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the higher the people of the state rise in civilization, the more will the state expand the domain of private rights, and through them accomplish the more spiritual as well as the more material ends of civilization; until, at last, law and liberty will be seen to be harmonious, both in principle and practice.

These, then, in historical order, are the ends of state: first, the organization of government and of liberty, so as to give the highest possible power to the government consistent with the highest possible freedom in the individual; to the end, secondly, that the national genius of the different states may be developed and perfected and made objective in customs, laws, and institutions; from the standpoints furnished by which, finally, the world's civilization may be surveyed upon all sides, mapped out, traversed, made known and realized. This proposition contains a plan for every appearance and product of human history; for private law and internal public law, for the law between nations and the law of nations, for war and for peace, for national exclusiveness and universal intercourse. Take these ends in their historical order, and pursue them with the natural means, and mankind will attain them all, each in its proper time. But this order cannot be successfully reversed, either in part or whole. The state which attempts to realize liberty before government, or the world-order before the national-order, will find itself immediately threatened with dissolution and anarchy. It will be compelled to begin de novo, and to do things in the manner and sequence which both nature and history prescribe.



IT may appear, at first thought, a little surprising that I should treat of the topic of this book under the part of my work entitled Political Science, instead of under the part assigned to Constitutional Law. The second thought, however, will reveal the reason. The formation of a constitution seldom proceeds according to the existing forms of law. Historical and revolutionary forces are the more prominent and important factors in the work. These cannot be dealt with through juristic methods. If it should be attempted, erroneous and sometimes dangerous results will be reached. The constitutions of which I propose to treat are not exceptions to this order of things. They are all capital examples of it. I wish to impress this fact very vividly upon the minds of my readers; and therefore I take it into account in my classification, as well as in my treatment.

This is also the place for me to explain why, in my treatment of comparative constitutional law, I select the constitutions of Great Britain, the United States, Germany, and France, and limit myself thereto. The reasons are many and obvious. In the first place, my space is limited. My work is to be included in a single volume, or at most in two volumes. In the second place, my treatment is to be systematic, not encyclopædic. In the third place, these are the most important states of the world. Finally, these constitutions represent substantially all the species of constitutionalism which have as yet been developed. If any general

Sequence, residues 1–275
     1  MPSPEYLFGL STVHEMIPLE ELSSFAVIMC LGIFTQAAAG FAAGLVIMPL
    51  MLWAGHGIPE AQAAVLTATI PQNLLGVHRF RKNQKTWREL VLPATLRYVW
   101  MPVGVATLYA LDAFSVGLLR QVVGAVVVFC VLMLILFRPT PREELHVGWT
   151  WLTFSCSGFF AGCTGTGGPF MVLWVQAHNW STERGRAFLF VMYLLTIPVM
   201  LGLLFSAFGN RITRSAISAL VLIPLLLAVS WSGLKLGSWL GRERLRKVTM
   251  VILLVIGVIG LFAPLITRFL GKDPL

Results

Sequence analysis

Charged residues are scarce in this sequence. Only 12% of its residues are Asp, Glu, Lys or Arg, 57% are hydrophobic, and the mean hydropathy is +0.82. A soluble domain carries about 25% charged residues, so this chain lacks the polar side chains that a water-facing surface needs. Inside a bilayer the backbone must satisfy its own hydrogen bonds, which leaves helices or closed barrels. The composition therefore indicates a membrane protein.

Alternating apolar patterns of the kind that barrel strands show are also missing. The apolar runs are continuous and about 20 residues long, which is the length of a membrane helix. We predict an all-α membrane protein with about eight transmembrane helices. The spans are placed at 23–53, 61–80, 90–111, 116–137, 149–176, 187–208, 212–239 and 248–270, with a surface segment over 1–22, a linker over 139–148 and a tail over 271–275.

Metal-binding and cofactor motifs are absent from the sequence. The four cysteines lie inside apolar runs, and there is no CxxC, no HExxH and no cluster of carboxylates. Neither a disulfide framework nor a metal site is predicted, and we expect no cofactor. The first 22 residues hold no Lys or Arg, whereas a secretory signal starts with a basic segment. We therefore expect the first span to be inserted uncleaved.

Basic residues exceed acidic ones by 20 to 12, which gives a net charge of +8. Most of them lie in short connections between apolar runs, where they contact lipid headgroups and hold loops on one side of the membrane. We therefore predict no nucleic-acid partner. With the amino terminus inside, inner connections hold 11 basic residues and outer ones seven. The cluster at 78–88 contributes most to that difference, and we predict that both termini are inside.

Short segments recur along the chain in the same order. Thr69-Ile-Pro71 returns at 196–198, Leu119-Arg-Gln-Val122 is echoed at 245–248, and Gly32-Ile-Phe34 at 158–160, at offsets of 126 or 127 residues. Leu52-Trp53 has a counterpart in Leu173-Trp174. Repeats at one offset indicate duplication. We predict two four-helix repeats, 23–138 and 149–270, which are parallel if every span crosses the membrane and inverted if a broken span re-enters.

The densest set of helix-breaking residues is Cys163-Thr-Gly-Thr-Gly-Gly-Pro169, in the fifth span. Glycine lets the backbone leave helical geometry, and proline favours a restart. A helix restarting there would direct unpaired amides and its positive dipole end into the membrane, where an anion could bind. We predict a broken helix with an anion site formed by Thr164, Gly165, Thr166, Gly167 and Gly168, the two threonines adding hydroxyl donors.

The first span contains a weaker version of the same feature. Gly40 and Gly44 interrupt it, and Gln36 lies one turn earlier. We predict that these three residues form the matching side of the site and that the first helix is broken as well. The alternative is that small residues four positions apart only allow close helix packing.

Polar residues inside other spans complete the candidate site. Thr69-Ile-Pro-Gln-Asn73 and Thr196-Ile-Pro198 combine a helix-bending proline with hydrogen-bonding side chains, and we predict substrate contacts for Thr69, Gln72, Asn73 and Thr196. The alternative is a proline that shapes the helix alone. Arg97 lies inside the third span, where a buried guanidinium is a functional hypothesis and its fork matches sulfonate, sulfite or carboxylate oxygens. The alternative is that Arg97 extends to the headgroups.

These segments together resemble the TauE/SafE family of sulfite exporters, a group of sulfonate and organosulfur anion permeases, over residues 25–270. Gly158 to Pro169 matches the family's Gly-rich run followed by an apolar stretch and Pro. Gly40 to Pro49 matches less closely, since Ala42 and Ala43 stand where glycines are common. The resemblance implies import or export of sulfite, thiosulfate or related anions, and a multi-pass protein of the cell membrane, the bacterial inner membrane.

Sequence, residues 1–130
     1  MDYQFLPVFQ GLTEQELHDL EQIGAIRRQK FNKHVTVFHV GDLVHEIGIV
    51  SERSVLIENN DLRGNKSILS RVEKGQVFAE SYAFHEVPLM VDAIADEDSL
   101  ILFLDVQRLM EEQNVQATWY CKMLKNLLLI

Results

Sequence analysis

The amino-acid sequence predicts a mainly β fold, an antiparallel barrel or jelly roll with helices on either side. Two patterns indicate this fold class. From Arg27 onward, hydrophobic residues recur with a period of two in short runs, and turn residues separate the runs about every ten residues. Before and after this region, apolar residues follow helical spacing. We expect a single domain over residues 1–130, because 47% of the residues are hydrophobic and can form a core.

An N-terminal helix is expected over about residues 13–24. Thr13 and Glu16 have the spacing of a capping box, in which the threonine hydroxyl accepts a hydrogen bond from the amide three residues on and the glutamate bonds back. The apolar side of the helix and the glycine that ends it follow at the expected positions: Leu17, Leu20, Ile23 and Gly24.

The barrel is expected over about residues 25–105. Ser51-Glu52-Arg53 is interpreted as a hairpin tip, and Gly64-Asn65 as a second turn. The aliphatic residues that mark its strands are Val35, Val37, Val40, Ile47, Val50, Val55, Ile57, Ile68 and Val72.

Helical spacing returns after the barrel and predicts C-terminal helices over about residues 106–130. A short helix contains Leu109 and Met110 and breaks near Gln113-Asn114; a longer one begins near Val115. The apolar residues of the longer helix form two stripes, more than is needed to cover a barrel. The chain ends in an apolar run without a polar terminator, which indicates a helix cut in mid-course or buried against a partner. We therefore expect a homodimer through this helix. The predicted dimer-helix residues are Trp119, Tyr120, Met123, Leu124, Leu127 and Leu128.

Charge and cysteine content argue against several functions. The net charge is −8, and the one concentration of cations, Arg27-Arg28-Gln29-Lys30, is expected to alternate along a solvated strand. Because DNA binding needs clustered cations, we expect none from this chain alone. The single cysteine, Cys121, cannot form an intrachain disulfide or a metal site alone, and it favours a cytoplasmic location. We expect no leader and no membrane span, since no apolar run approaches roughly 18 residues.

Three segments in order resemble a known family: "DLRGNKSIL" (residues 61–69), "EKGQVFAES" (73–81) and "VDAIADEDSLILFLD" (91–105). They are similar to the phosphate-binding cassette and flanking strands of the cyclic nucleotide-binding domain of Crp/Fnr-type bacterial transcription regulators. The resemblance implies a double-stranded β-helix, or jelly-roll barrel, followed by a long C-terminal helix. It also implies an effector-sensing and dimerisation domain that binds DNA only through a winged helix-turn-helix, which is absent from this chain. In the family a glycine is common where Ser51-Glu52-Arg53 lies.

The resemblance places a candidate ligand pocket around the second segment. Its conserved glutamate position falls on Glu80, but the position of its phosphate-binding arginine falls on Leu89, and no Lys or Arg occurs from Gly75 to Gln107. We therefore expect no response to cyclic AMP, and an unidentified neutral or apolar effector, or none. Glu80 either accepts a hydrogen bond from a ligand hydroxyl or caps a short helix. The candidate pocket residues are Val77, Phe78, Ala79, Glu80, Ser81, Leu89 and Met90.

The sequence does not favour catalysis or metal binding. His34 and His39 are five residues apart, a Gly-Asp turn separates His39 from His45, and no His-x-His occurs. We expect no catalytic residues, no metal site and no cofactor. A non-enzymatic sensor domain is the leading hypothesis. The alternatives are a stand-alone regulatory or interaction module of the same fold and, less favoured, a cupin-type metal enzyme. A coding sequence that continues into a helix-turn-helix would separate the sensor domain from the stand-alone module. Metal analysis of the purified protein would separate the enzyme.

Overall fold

principles of public law are to be derived from a comparison of the provisions of the constitutions of different states, surely they will be more trustworthy if we exclude the less perfect systems from the generalization, disregard the less important states, and pass by those species which are not typical.



THIS Constitution has been regarded as the historical constitution par excellence. But all constitutions are historical. It has been termed an unwritten constitution. But it is, in large part, written; and no one of the four which we are to consider is wholly written. It is sometimes said that it differs from the others in not being a revolutionary product. But it is largely a product of revolution. In what respects, then, does it have a distinctive character, as to its formation, when compared with the others? It seems to me in three respects. First, it is more largely unwritten than the others; second, what is written is scattered through different acts instead of being contained in a single instrument; and third, the revolutions which have attended its formation have not been, perhaps, so violent as in the cases of the others. In a word, the difference between the British constitution and the other three in the matter of formation is not at all so great as has been usually supposed.